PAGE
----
What many credit repairers don’t want you to know…There’s a wrong way to dispute your bill. The wrong way can lead to bad credit history – leaving you unable to obtain credit for 5 to 7 years. Here is how you should dispute your telephone, internet, energy or basically any bill which you disagree with before it ruins your credit file.

By Graham Doessel, CEO and founder of MyCRA Credit Repairs and www.fixmybadcredit.com.au.

Customers who refuse to pay a bill because they believe it has errors are making a grave mistake that could harm their ability to get credit in the future.

One of the most common mistakes people make which leads to bad credit history is not paying a disputed bill by the due date.

Creditors make mistakes with billing all the time, otherwise however infallible they may like to think their system is, otherwise there would be no need for professional credit repair.

It can be really difficult getting the matter resolved with some creditors. But no news is definitely not good news.

Where many customers go wrong, is assuming just because they have spoken to someone on the phone about the bill, they are no longer obliged to pay it by the due date.

Under current credit reporting legislation, an account which is more than 60 days late can be listed by the creditor as ‘unpaid’ on the customer’s credit file. This is regardless of whether the customer believes there are errors in the details of the bill or with the payment amount.

Many clients dispute the offending bill with the company and made the mistake of leaving the bill unpaid well past the due date while waiting for correspondence from the company. Many are not aware they have incurred a default anyway, until they apply for credit in a different circumstance.

These defaults remain on a person’s credit file for 5 years. Under current legislation, defaults generally don’t get removed from a credit file, but can be marked as paid if they have been paid.

Currently, defaults – even those that are marked as ‘paid’, will prevent you from obtaining a home loan with most lenders. In fact, even having a few too many credit enquiries can be enough for an automatic decline.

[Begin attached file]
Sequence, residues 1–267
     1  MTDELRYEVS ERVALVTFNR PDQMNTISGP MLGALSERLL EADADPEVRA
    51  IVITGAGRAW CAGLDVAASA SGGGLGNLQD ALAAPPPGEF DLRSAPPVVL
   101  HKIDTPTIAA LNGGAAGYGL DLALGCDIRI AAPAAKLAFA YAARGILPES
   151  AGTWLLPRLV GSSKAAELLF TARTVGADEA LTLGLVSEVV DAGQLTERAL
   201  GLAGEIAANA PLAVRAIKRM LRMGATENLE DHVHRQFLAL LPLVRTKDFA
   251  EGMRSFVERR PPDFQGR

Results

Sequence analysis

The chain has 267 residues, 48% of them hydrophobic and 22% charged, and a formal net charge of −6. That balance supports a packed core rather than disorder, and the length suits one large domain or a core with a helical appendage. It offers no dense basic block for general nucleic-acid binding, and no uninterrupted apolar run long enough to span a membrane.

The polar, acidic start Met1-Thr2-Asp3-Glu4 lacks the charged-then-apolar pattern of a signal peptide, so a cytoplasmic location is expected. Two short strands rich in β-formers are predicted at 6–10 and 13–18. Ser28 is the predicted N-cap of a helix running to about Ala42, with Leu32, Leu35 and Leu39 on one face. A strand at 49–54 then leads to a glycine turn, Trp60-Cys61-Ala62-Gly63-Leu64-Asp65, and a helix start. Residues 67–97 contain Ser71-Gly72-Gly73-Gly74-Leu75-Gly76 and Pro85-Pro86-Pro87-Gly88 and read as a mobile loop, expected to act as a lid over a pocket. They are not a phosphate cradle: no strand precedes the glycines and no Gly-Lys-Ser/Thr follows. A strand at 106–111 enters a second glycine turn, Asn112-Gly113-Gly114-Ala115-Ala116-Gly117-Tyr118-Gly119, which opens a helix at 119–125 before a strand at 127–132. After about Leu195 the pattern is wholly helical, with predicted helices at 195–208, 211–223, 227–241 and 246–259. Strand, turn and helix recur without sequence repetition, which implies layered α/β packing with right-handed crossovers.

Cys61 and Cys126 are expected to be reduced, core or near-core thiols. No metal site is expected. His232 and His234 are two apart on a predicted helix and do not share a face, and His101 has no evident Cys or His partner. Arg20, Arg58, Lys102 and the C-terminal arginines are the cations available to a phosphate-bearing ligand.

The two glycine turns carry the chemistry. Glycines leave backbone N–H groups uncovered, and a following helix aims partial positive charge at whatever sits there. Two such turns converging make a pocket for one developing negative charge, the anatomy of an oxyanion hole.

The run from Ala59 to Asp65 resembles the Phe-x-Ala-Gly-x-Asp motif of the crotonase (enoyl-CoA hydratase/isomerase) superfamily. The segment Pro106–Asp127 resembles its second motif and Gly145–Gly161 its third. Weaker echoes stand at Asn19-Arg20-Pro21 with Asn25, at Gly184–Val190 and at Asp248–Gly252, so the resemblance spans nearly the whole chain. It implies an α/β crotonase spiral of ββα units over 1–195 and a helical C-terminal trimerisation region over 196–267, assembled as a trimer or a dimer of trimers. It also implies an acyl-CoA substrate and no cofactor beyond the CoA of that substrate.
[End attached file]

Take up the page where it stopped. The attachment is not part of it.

So it’s really important we don’t leave ourselves open to having a default listing slapped on our credit file, ruining our good name.

Here is the process people should take when disputing a bill in Australia:

1. Contact the bill provider as soon as you receive the bill and attempt to resolve the discrepancy.

2. Make a note of the date of all conversations, the name of each person you speak to and the nature of the discussion with each. Note any resolutions that were reached and ask that those be emailed or sent to you in writing.

3. If the credit provider fails to honour the discrepancy, advise them you will be contacting the appropriate ombudsman.

4. If the due date for the bill approaches and the issue has not been resolved, pay the bill by the due date. You can always seek reimbursement at a later date, but this will prevent a default for that bill being listed on your credit file.

5. If there is still no resolution, take the matter further, usually with the appropriate Ombudsman.

So don’t assume anything or take someone’s word for it, get it in writing and preserve your clear credit file.

If you already have bad credit history from a bill dispute that went wrong – it may not be all lost. The best way to fix your credit score is to seek professional credit repair.

Australian credit reporting legislation allows for you to resolve any inconsistencies on your credit report. But the problem with attempting to dispute errors on your credit file with creditors yourself is two-fold. Without knowledge of the legislation, people almost invariably get caught in legal ‘loop-holes’ which see the default, writ or Judgment left on the credit file, or at best see the listing marked as ‘paid’.

Both of these results DO NOT fix your credit rating because lenders still consider even a ‘paid’ listing as bad credit history. Secondly, by negotiating with creditors, people can also accidentally ‘alert’ creditors to any mistakes the creditor may have made in the initial method of credit reporting – allowing them to fix up their mistakes and negate the need to remove the credit file default which was placed in error.

Good professional credit repair gives you the best chance at fixing your credit.  A credit repairer can help you get a free copy of your credit file, and go through the bad credit history with you. They can then use their knowledge of credit reporting legislation to see where any errors in credit reporting were made, and help to enforce the legislation that creditors are bound to comply with.

If they are successful, you not only get help with removing errors from your credit file, but many times you are able to start off with a completely clean credit rating.